All the money in the world that you throw at that Net Promoter™ survey won’t do any good if there’s not a commitment to do something about what you hear. Yes, customer listening is as old as the hills. Unfortunately most corporations’ ears are full of wax. If you’re really serious about becoming a Customer Action Hero, then start doing these things:
1. Find Out: Is the Customer Commitment Real or “Memorex”?
Is your commitment to customers real or a jockeying for position on the latest customer score board?
Remember that brilliant ad campaign from the Memorex audiotape people who challenged viewers to discern if the voice singing was real or a recording? Well, you’ve got to know if the commitment is there inside your organization. Determine if the appetite exists for digging into the operations of the business to make changes based on what you hear from customers. Are leaders ready to drive accountability, provide political air cover and insist on the corporate patience to do the work?
2. Elevate Customer Counting as a Strategic Priority of the Business
Right now, you can probably recite where you are in meeting your sales goals. Do you know as much about your customer goals? These are the counts of customers in and customers out, a clear accounting for customers by revenue group, customers who renewed with you and why and an active accounting of “Promoters” and “Detractors” by customer segment. You need to recast the language of your business to be about defining your customers as the asset of your business. In my book, “Chief Customer Officer,” I call these the ‘Guerrilla Metrics’ because you sometimes need to wage a campaign to power the customer into the strategic conversations about how business success is defined.
3. Use Your First Round of Net Promoter™ Feedback to Prioritize and Fix the Top 10 Things Bugging Your Customers
To a large degree, sometimes inactivity from the survey data exists because people don’t know what to work on. Certainly in reviewing the data, everything seems broken. Whenever I ask customers questions, I always want to ask them how we are performing, but also how important the area is to them. That way, you can assemble a triaging system for the issues you’ve heard from customers. And by knowing the issues most prevalent to “promoters” and “detractors” you can prioritize and focus the issues.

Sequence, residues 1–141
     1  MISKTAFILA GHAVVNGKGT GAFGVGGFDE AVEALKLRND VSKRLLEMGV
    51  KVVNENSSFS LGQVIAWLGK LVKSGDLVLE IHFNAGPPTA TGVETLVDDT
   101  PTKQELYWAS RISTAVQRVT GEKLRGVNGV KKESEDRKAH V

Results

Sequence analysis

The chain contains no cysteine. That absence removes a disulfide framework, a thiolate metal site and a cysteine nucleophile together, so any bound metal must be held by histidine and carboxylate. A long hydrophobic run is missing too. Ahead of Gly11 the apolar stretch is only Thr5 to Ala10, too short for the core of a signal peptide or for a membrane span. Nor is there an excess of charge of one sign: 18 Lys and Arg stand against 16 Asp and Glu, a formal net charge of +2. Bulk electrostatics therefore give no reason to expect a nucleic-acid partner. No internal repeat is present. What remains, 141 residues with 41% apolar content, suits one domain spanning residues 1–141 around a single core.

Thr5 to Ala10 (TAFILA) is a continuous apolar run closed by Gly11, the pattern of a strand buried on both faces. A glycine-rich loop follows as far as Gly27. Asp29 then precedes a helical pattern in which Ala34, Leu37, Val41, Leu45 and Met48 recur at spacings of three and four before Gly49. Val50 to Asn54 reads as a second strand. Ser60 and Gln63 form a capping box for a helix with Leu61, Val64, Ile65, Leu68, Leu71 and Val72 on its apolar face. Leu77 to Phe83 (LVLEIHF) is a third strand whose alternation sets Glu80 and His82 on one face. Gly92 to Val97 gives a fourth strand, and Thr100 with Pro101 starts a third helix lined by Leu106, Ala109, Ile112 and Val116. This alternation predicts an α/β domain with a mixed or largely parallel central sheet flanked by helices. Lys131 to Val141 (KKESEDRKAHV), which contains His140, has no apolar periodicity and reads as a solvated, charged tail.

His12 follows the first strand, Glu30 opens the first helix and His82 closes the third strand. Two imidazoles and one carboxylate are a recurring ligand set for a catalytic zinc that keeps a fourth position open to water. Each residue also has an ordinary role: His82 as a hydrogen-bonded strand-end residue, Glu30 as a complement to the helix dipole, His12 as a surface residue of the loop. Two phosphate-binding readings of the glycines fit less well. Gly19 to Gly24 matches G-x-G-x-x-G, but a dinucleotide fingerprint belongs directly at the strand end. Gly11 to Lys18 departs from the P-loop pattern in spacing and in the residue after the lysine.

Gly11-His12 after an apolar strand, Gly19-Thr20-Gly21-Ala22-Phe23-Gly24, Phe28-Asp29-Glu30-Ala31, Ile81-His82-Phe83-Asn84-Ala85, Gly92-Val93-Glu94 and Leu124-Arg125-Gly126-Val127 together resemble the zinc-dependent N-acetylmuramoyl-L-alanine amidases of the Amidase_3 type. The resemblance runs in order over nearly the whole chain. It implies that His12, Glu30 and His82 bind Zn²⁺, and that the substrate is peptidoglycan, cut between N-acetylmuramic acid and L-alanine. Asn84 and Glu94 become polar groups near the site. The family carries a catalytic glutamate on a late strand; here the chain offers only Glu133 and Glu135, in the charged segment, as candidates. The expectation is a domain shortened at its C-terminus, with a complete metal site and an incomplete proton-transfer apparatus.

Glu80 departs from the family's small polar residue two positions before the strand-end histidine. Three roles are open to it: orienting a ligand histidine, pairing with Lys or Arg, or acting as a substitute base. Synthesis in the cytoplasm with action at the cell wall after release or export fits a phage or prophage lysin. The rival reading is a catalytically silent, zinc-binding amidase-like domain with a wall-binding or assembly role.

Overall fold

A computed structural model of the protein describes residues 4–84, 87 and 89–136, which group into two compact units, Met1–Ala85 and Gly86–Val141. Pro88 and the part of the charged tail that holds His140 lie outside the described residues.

4. Conduct a Monthly Customer Loss Review
On a monthly basis, gather a list of detractors and customers who have left. Then engage company-wide leaders to call 5-10 of these customers. This gets the voice of the customer in the ear of leaders who need to understand the nuances of your operation that are driving the wedge that either makes them “Detractors” or drives them away. Compile the customer profitability information relative to these customers so there is a clear understanding of their impact to the business. Then, monthly or quarterly run a meeting to discuss, diagnose and attach accountability for resolving the issues. I can guarantee you; the memory of hearing customers expressing their pain from the treatment, combined with knowing the ROI impact will inspire action.
5. Use Public Accountability to Drive the Action
Public accountability can be a powerful approach for getting action on what you hear from customer surveys, customer complaints and feedback from the web. Simply designate a room to be “The Customer Room.” On the walls of the room, map the customer experience, corresponding metrics, the trending of your customer issues, what you are hearing from customers on the web and the top ten operational metrics related to the biggest issues your customers want fixed. On a quarterly or monthly basis, the CEO and leaders should walk the room, standing before each category of information, then asking “Why is this happening, who will fix it, and when?” When the data is organized by region and/or operational area, the friendly horse race motivates people to move up on the stack rank of performance. Most importantly, this monthly or quarterly action moves the customer conversation into the everyday operational language of the business. This is when you get traction.